• 1.

    Wesolowski A, Eagle N, Tatem AJ, Smith DL, Noor AM, Snow RW, Buckee CO, 2012. Quantifying the impact of human mobility on malaria. Science 338: 267270.

  • 2.

    National Centers for Environmental Information (NCEI) , 2019. Climate Data Online (CDO). Available at: https://www.ncdc.noaa.gov/cdo-web/. Accessed February 17, 2019.

  • 3.

    United Nations , 2016. Turkana County & UN Joint Integrated Area-based Development Programme. Available at: www.ke.one.un.org. Accessed November 28, 2020.

  • 4.

    WorldPop , 2019. WorldPop. Available at: https://www.worldpop.org/. Accessed February 17, 2019.

  • 5.

    Kenya Food Security Steering Group, Turkana County Steering Group , 2018. Turkana County 2018 Long Rains Food Security Assessment Report Vol. 1. Available at: http://www.ndma.go.ke/index.php/resource-center/send/59-2018/4966-turkana-county-lra-2018-report-final. Accessed February 5, 2019.

  • 6.

    Little MA, Dyson-Hudson R, McCabe JT, Little MA & Leslie PW Oxford, UK: Oxford University Press.

  • 7.

    Snow RW, Okiro EA, Noor AM, Munguti K, Tetteh G, Juma E, 2009. The coverage and impact of malaria intervention in Kenya 2007–2009. Division of Malaria Control, Ministry of Public Health and Sanitation.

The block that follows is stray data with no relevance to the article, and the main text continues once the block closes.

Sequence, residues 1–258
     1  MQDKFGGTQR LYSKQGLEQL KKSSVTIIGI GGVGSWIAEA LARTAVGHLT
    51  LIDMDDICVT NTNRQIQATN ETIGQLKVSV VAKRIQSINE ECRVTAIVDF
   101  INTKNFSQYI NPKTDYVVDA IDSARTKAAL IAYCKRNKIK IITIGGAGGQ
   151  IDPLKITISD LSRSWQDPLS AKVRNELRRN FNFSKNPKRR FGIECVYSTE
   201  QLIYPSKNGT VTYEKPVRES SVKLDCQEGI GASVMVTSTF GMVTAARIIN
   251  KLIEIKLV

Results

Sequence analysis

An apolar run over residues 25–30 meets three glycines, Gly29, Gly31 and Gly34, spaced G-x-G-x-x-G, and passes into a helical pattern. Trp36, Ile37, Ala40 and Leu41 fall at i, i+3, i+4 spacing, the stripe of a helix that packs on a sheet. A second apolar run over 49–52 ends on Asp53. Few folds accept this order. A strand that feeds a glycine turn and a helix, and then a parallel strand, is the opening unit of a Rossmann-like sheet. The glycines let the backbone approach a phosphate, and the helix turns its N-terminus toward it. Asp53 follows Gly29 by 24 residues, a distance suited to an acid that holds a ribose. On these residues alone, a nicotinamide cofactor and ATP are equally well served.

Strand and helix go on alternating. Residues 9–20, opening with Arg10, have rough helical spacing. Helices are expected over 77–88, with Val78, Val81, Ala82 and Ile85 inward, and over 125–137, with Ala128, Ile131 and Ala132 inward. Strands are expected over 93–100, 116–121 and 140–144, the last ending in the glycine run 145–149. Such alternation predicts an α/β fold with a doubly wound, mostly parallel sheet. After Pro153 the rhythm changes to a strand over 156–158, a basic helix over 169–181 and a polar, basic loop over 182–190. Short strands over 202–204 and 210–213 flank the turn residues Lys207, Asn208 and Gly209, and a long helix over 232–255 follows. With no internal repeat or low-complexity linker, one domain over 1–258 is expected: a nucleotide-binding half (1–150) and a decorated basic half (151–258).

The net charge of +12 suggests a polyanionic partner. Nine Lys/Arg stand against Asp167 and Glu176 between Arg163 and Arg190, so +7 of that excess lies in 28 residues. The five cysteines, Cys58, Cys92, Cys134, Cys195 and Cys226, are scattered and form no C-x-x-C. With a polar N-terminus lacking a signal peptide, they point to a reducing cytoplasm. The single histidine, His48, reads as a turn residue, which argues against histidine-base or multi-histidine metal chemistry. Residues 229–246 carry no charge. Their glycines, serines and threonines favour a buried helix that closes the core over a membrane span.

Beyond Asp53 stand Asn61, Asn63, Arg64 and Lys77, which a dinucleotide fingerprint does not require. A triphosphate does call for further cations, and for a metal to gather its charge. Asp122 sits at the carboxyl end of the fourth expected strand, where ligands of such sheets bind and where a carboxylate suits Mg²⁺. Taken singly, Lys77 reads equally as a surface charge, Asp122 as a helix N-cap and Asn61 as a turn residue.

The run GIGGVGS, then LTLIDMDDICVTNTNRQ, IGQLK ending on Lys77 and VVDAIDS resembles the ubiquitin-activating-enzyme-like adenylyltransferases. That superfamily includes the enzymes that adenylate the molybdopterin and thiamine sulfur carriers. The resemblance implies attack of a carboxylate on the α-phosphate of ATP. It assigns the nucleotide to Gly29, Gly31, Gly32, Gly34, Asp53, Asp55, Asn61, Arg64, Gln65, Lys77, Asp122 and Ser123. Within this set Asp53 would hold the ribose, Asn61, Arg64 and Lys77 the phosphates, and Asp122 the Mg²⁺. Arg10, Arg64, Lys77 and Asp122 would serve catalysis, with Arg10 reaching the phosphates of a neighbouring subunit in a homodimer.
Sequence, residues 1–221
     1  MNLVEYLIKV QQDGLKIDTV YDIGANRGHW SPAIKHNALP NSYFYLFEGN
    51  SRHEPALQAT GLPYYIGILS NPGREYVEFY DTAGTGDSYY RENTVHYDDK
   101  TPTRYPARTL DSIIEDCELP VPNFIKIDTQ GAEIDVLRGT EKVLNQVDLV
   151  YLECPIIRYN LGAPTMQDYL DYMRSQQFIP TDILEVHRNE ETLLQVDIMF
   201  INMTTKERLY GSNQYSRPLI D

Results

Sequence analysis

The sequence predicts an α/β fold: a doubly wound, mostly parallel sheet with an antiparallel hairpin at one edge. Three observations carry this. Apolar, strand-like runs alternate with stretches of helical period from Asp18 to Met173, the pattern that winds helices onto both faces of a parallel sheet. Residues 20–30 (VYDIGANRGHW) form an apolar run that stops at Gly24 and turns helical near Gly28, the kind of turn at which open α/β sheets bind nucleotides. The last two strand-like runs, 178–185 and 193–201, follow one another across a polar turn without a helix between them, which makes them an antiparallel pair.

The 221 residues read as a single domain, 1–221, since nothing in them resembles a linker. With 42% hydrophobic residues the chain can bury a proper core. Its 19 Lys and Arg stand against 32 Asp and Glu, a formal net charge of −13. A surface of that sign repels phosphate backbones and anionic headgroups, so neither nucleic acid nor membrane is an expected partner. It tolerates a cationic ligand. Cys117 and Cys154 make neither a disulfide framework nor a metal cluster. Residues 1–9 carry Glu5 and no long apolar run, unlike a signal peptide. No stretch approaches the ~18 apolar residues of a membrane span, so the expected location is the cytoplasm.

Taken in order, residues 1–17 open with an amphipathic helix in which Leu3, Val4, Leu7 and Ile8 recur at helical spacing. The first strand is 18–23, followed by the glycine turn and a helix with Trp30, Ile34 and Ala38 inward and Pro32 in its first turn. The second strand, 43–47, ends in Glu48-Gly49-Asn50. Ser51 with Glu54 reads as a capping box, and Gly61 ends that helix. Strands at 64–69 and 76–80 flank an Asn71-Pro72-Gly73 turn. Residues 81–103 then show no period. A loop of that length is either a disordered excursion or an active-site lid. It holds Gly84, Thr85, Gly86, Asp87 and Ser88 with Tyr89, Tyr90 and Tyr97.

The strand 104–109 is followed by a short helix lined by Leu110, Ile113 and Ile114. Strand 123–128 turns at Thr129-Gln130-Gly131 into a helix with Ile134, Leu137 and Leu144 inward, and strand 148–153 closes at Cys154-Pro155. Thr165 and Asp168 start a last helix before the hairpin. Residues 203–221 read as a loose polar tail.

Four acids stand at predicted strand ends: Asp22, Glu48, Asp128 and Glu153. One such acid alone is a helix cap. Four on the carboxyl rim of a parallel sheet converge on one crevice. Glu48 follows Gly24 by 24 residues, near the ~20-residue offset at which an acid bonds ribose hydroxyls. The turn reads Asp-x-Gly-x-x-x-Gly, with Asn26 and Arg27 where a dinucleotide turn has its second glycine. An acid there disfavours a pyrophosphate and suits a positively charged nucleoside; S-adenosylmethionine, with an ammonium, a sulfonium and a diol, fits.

• 8.

    Malaria Atlas Project, 2021. The Malaria Atlas Project. Available at: https://malariaatlas.org/. Accessed February 25, 2021.

  • 9.

    Ministry of Health, 2016. The epidemiology and control profile of malaria in Kenya: reviewing the evidence to guide the future vector control. National Malaria Control Programme, Ministry of Health. Technical support provided by the LINK Project (London School of Hygiene and Tropical Medicine and the Information for Malaria (INFORM) Project, KEMRI-Wellcome Trust Research Programme), Nairobi, Kenya.

  • 10.

    MSF , 2019. MSF Responds to Malaria Outbreak in Turkana, Kenya. Available at: https://msf.or.ke/en/magazine/msf-responds-malaria-outbreak-turkana-kenya. Accessed October 16, 2019.

  • 11.

    Mulambalah C, 2018. An evolving malaria epidemic in Kenya: a regional alert. CHRISMED J Heal Res 5: 162.

  • 12.

    Agade KM, 2014. Ungoverned space’ and the oil find in Turkana. Round Table 103: 497515.

  • 13.

    Snyder DE, Wiseman S, Cruthers LR, Slone RL, 2011. Ivermectin and milbemycin oxime in experimental adult heartworm (Dirofilaria immitis) infection of dogs. J Vet Intern Med 25: 6164.

    • Search Google Scholar
    • Export Citation
  • 14.

    Avery S, 2012. Lake Turkana and the Lower Omo: Hydrological Impacts of Major Dam and Irrigation Developments. Available at: https://www.africanstudies.ox.ac.uk/sites/default/files/africanstudies/documents/media/executive_summary_introduction.pdf. Accessed November 28, 2020.